Last week, Iranian citizens took to the streets of Isfahan to protest a recent spate of violent acid attacks against women. Holding placards showing their solidarity with the victims, the peaceful protestors called for Iranian authorities to hold the attackers accountable.
We know that these kind of egregious attacks happen against women around the world, and I have spoken out before about incidents in Afghanistan and Pakistan. Women are often the drivers of economic growth and cultural change, but they are also often the targets of horrible violence.
What is especially troubling about the Isfahan attacks is that they follow the passage of a new law in Iranian parliament, which is reportedly “designed to protect those who correct people acting in an un-Islamic way.” It is the women, the survivors, who should be protected, not their attackers.
Even as the Administration continues to negotiate with the Iranian regime on nuclear issues, we cannot lose sight of the regime’s egregious human rights record. The Iranian government must take action – at both the local and federal levels – to hold accountable those hardliners who perpetrated these attacks and to reverse the legislative framework that protects these criminals.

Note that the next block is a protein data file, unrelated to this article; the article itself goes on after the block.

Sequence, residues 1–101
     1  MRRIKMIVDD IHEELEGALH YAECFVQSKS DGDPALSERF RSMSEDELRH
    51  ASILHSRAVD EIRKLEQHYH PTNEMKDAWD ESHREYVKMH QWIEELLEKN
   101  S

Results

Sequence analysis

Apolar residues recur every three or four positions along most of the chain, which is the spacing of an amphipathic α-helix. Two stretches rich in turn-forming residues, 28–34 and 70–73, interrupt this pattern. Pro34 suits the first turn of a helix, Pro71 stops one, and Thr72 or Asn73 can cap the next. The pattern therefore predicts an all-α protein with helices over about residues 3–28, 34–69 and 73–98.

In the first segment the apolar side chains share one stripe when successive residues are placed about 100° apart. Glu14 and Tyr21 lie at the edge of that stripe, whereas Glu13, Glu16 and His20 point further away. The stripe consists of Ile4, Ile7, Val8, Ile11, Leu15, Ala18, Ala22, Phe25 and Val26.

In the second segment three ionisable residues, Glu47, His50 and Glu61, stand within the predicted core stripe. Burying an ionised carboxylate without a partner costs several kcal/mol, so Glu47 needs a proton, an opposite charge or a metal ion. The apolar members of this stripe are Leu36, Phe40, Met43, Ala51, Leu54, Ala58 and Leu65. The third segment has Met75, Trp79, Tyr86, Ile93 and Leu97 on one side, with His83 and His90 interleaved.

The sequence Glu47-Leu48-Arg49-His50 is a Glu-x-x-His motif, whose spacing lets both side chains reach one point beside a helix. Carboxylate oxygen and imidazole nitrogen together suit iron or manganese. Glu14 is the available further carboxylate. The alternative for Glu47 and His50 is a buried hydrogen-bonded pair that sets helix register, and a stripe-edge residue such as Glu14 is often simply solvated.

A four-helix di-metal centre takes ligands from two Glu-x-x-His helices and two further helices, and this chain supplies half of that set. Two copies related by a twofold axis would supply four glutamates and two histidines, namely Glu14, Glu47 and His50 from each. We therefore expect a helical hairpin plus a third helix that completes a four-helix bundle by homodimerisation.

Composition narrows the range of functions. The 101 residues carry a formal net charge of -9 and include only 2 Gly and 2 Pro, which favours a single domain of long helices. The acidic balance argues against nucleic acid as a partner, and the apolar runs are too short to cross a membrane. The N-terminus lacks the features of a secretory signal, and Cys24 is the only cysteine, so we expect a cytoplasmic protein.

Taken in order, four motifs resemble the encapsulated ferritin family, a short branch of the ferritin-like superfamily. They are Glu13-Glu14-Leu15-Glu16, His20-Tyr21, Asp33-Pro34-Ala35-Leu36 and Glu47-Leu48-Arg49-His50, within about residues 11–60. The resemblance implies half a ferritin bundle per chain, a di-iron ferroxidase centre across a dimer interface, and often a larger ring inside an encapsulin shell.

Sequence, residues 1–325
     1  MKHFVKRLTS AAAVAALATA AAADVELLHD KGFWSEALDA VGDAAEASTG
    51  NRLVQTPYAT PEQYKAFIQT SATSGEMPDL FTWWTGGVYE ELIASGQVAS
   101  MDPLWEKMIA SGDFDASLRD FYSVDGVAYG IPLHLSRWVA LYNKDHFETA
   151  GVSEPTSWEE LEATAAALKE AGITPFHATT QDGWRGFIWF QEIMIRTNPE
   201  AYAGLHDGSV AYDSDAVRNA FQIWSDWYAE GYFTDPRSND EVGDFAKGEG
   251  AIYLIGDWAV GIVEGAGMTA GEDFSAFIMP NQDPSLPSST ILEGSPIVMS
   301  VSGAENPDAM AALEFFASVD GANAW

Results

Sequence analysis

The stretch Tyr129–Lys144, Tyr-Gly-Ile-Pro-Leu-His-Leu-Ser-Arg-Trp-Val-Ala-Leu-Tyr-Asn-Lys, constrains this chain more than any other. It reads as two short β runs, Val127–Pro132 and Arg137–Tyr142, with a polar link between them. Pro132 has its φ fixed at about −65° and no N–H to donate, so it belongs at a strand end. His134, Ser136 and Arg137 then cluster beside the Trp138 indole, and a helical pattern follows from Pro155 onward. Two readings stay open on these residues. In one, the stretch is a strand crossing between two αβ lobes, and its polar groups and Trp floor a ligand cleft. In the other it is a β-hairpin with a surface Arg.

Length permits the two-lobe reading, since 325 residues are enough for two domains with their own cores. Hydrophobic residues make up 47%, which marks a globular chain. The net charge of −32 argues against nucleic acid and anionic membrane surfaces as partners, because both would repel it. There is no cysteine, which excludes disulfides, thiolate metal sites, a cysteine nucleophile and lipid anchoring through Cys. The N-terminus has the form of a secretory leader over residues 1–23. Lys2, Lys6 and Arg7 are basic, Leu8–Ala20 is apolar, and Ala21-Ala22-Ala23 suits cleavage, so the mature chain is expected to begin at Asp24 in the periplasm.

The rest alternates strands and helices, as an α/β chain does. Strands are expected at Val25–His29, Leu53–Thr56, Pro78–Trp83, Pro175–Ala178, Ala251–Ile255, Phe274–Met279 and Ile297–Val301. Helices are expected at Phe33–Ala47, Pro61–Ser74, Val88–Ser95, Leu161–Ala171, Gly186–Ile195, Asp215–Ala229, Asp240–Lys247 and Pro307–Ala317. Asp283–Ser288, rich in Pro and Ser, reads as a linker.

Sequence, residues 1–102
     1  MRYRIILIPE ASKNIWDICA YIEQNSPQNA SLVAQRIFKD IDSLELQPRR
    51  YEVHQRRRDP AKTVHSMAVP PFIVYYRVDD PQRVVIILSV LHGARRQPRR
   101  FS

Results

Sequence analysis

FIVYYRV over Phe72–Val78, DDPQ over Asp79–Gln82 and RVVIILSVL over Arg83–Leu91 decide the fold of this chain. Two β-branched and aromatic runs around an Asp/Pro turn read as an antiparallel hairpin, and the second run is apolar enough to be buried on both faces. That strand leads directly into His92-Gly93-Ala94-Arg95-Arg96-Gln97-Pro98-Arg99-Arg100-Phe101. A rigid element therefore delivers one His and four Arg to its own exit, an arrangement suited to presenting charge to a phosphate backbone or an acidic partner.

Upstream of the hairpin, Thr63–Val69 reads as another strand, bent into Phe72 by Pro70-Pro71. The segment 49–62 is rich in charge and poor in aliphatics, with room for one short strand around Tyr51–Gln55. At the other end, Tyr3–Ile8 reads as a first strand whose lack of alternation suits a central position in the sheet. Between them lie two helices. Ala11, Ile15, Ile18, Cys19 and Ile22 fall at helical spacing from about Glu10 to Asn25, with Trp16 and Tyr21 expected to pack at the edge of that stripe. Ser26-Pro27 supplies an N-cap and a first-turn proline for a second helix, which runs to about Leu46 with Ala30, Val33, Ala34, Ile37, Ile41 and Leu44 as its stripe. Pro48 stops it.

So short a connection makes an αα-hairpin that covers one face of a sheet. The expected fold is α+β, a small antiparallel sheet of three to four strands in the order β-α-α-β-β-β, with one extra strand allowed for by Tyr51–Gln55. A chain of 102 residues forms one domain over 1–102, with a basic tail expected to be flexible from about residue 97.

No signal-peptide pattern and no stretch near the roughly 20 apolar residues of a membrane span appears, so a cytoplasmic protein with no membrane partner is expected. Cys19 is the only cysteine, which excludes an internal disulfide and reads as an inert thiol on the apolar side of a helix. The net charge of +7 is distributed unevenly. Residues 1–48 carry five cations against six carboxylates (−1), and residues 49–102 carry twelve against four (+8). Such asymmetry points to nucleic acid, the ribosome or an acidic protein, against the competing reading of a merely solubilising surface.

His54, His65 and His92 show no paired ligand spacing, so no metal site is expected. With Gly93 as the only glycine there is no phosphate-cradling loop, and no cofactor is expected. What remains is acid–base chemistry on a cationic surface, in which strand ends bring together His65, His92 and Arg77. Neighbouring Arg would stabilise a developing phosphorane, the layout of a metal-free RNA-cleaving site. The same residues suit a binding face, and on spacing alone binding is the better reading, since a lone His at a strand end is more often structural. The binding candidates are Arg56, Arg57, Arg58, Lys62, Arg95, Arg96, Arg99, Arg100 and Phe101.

On September 9th, I delivered a speech on Afghanistan and Pakistan at the Army War College. I was honored to address the student body in Carlisle which was made up of senior military officers from all services of the armed services, as well as from allied militaries in more than 50 countries.
Next month, we will enter the ninth year of our engagement in Afghanistan. In the speech, I outlined three main areas where we need to see progress in the near future: the fight against corruption at all levels in the country; the training of Afghan National Army and Police and the importance of the international development efforts, particularly in the field of agriculture. Each one of these elements are critical to our success in Afghanistan.
I also recognized the sacrifice of Pakistan in this conflict, especially in recent months. The Pakistani people have suffered greatly in the fight against extremism as well as from the devastating effects of the ongoing flood disaster. We must do all that we can to support sustained partnership with the people of Pakistan, a central theme of the Kerry-Lugar-Berman bill. Pakistan also has a crucial role to play in combating the flow of ammonium nitrate in Afghanistan, the deadly ingredient used in improvised explosive devices targeting our troops.
The Commonwealth of Pennsylvania has lost 55 service members who gave what Lincoln called the “last full measure of devotion” to their country. I pray for their families and for ourselves, so that we may be worthy of their sacrifice on the field of battle. We have an obligation in the Senate to honor their memory through vigilant oversight of the war effort, and I look forward to honoring this solemn obligation during this challenging period that we face in both Afghanistan and Pakistan.